Title

Human Immunodeficiency Virus Status Does Not Independently Predict 2-Year Complications Following Total Knee Arthroplasty

Document Type

Journal Article

Publication Date

8-9-2022

Journal

The journal of knee surgery

DOI

10.1055/s-0042-1755376

Abstract

With improved treatment for human immunodeficiency virus (HIV), the demand for total knee arthroplasty (TKA) in this population has increased. Studying the relationship between HIV and postoperative complications following TKA will allow orthopaedic surgeons to accurately assess their patients' surgical risk and provide appropriate counseling. This study aims to understand how HIV impacts surgical and medical complications following TKA for osteoarthritis (OA). Patients identified in a national insurance database who underwent TKA for OA from 2010 to 2019 were divided into three cohorts: no HIV, asymptomatic HIV, and acquired immunodeficiency syndrome (AIDS). Univariate and multivariable regression analyses were performed to determine 90-day postoperative complications as well as 2-year surgical complications (revision surgery, prosthetic joint infection, aseptic loosening, and manipulation under anesthesia). A total of 855,373 patients were included, of whom 1,338 had asymptomatic HIV and 268 had AIDS. After multivariable regression analysis, patients with HIV had no difference in 2-year surgical complications relative to the control cohort. Within 90 days postoperatively, patients with asymptomatic HIV had increased odds of arrhythmia without atrial fibrillation and lower odds of anemia. Patients with AIDS had increased odds of anemia and renal failure. Patients with HIV and AIDS are at an increased risk for developing 90-day medical complications and 2-year surgical complications. However, after accounting for their comorbidities, the risk of 90-day complications was only mildly increased and the risk of 2-year surgical complications approximated the control cohort. Surgeons should pay particular attention to these patients' overall comorbidities, which appear to be more closely associated with postoperative risks than HIV status alone. Level of evidence: III.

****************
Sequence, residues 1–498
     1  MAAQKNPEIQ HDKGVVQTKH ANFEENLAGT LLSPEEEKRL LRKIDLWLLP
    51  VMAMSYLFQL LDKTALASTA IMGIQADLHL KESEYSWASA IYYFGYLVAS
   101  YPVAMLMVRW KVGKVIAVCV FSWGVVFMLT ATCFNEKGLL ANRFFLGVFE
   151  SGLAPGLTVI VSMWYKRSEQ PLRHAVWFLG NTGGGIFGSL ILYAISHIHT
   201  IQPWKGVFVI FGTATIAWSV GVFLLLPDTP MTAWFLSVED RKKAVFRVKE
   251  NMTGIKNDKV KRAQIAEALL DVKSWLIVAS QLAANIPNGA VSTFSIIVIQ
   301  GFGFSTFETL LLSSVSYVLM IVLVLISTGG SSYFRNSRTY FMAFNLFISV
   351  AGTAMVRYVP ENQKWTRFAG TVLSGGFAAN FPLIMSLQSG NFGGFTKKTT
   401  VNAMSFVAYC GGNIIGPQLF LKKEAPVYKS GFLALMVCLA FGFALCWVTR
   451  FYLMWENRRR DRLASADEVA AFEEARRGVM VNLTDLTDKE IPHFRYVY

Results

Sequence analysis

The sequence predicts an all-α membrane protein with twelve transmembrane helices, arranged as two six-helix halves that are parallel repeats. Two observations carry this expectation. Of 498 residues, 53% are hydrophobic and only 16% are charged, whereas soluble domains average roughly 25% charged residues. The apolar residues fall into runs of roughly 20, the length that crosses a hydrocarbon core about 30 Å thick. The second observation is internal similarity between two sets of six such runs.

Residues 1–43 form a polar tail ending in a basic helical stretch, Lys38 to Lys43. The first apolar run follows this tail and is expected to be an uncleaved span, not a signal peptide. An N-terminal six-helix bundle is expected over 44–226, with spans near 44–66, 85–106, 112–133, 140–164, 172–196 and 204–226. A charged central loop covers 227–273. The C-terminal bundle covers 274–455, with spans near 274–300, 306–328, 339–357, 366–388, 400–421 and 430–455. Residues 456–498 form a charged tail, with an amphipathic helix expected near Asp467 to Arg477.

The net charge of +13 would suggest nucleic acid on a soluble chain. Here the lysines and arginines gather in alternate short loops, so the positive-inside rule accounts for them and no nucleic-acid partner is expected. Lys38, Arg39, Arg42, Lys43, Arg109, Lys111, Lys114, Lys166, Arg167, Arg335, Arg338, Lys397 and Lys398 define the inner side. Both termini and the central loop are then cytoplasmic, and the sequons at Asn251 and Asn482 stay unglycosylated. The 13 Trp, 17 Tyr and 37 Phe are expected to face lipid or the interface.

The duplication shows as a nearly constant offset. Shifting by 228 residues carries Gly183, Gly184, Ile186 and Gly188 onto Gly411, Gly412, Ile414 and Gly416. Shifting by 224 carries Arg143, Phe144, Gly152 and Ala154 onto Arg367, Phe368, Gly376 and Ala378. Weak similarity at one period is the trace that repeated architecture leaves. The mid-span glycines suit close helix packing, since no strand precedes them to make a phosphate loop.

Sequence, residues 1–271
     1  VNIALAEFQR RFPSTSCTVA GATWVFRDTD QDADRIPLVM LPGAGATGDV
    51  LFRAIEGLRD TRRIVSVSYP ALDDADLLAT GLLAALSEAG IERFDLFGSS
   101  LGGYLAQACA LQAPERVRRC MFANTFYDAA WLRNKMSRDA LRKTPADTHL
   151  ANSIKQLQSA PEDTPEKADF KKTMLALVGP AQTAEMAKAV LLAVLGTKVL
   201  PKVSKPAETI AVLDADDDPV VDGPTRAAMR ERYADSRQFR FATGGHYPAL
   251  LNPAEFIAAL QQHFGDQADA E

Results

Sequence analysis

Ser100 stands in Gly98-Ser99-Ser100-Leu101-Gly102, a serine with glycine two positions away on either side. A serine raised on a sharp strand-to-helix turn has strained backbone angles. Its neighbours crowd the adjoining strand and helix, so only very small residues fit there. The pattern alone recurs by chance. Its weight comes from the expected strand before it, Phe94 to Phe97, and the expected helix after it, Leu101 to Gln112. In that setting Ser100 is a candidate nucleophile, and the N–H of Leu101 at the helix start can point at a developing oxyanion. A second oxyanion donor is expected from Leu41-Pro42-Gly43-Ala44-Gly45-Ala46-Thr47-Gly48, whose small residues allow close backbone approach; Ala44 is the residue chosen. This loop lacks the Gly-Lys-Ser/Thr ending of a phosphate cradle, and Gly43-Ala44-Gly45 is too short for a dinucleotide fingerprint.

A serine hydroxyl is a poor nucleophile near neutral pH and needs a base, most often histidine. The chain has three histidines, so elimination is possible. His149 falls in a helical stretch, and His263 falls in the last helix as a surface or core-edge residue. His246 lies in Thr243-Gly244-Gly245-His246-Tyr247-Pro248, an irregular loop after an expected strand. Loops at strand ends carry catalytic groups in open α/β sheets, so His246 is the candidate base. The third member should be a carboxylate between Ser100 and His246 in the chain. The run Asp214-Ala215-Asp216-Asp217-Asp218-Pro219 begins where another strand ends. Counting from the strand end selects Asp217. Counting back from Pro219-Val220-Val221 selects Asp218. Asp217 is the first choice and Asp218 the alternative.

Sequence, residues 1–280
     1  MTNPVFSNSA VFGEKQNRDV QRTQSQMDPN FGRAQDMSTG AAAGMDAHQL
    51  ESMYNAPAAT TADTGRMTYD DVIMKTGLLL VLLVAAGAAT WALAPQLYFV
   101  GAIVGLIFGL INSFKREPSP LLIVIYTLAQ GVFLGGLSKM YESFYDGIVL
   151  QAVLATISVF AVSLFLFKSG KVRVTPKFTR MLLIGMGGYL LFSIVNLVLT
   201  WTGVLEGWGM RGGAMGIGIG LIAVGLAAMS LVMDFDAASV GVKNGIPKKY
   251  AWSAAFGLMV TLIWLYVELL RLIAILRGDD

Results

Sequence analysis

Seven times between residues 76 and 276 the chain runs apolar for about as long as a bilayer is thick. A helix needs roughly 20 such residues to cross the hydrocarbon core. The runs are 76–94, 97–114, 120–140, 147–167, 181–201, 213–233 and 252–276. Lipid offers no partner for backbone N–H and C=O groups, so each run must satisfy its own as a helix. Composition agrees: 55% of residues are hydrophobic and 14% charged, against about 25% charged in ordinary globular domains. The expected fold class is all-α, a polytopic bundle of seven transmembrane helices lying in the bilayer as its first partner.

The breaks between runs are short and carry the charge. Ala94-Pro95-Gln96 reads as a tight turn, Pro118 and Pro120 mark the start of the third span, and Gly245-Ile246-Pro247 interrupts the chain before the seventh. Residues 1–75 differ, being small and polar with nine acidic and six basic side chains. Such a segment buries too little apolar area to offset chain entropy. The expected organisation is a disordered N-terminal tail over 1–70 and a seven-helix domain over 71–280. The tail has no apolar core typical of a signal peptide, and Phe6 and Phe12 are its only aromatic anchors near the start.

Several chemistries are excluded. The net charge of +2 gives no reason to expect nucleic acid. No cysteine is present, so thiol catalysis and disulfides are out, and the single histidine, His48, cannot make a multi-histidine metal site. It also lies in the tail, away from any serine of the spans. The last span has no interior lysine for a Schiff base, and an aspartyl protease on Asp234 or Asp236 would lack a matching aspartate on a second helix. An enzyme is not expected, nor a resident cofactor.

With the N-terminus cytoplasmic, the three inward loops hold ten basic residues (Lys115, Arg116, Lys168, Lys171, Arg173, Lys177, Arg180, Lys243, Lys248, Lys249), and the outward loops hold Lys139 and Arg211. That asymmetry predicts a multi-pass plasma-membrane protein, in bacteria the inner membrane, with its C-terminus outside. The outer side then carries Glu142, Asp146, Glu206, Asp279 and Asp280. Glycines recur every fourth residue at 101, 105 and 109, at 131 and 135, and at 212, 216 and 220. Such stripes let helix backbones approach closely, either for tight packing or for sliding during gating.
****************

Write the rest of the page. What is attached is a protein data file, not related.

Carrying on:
Department

Orthopaedic Surgery

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